Laterality differences for word identification in bilinguals

Joel Walters, Robert J. Zatorre

Research output: Contribution to journalArticlepeer-review

38 Scopus citations


Twenty-three Spanish-English bilinguals were tachistoscopically presented with four-letter common nouns. They viewed 20 word pairs, first in their native language, then in the other, for 40 msec under simultaneous bilateral exposure. This paradigm has previously shown a strong right visual field and therefore left hemisphere superiority for words in a single language. The results show a word identification advantage in the right visual field. This indicates a left hemisphere advantage for processing of both languages, regardless of which was learned first. There are nevertheless wide individual differences in the number of bilinguals showing the expected asymmetry, as compared with monolinguals. There may be a trend, therefore, for less unilaterality of language function in bilinguals, although both languages are seen as being equally lateralized.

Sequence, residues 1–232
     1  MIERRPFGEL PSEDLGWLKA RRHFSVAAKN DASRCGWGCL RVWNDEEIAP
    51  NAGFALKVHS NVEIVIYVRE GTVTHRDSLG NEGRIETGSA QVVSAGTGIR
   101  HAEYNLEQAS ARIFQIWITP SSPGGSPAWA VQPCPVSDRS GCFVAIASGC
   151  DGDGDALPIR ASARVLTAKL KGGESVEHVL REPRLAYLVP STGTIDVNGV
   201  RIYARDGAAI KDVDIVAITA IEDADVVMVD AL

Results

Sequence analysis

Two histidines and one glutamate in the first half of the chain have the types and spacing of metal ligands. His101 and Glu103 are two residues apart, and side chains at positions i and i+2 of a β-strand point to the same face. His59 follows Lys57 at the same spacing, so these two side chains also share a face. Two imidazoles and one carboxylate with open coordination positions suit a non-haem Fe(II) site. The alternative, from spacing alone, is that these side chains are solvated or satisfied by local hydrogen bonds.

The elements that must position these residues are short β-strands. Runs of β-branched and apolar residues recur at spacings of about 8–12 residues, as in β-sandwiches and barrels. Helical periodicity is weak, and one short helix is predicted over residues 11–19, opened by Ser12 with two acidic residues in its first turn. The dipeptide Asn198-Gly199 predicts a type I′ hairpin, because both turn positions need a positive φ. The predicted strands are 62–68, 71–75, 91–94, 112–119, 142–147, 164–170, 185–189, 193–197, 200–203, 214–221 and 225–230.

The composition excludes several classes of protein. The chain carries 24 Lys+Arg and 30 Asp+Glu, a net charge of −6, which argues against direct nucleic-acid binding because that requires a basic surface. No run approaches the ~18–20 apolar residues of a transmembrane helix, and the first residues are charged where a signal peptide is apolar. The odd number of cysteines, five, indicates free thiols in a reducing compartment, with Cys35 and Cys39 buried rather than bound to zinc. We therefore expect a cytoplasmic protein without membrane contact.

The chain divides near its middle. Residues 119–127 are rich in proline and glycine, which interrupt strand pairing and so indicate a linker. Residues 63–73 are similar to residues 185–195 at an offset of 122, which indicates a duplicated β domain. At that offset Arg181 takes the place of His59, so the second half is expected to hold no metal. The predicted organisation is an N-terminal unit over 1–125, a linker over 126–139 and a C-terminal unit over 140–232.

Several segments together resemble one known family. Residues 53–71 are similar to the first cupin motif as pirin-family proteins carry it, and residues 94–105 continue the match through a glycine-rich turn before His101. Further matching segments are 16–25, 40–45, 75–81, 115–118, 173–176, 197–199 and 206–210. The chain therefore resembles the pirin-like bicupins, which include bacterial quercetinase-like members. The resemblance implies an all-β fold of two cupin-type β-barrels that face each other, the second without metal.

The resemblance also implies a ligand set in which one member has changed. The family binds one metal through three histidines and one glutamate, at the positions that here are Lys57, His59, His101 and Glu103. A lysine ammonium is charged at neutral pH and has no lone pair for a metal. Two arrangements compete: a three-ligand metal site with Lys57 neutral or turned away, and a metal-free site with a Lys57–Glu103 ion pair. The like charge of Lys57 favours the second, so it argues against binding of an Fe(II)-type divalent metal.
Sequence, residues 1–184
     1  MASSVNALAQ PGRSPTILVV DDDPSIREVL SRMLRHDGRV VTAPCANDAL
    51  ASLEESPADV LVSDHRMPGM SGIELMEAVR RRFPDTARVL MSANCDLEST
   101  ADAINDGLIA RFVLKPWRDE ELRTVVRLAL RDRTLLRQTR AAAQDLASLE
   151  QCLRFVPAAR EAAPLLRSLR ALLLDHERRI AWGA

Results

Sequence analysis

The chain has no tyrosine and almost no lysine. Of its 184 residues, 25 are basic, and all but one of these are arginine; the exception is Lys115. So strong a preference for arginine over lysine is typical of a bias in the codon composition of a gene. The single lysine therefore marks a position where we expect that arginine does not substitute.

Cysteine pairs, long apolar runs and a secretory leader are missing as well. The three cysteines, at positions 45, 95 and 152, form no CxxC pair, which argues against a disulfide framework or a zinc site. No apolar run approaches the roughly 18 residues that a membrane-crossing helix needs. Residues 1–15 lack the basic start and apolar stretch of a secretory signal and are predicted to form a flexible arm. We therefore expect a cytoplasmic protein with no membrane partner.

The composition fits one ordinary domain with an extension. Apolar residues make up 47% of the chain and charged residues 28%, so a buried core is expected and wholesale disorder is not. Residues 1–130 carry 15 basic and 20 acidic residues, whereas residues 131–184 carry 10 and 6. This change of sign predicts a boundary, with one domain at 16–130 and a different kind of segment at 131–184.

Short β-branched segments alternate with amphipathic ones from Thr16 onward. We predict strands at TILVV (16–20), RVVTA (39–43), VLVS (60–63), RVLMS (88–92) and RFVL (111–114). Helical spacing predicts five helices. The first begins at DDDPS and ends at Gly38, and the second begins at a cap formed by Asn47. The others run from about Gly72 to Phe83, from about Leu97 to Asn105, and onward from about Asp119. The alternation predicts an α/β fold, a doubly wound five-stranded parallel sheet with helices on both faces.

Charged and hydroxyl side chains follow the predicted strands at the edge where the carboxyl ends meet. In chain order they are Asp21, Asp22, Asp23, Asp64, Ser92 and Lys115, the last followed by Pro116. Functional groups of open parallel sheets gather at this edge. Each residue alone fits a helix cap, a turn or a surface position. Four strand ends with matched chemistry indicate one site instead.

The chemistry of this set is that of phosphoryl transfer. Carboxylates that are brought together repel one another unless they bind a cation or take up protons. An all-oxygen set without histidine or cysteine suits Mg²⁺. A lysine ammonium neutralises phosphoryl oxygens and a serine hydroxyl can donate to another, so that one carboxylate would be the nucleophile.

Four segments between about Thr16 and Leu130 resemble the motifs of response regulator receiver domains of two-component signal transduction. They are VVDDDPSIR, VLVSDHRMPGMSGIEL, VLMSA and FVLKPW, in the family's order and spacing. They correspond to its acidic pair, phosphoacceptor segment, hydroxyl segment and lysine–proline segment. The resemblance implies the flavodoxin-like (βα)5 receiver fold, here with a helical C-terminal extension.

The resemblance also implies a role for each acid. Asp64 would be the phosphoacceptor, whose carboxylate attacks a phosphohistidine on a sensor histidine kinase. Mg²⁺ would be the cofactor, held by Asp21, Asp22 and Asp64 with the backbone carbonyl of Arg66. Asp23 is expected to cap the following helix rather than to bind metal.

Original languageEnglish
Pages (from-to)158-167
Number of pages10
JournalBrain and Language
Issue number2
StatePublished - Sep 1978
Externally publishedYes


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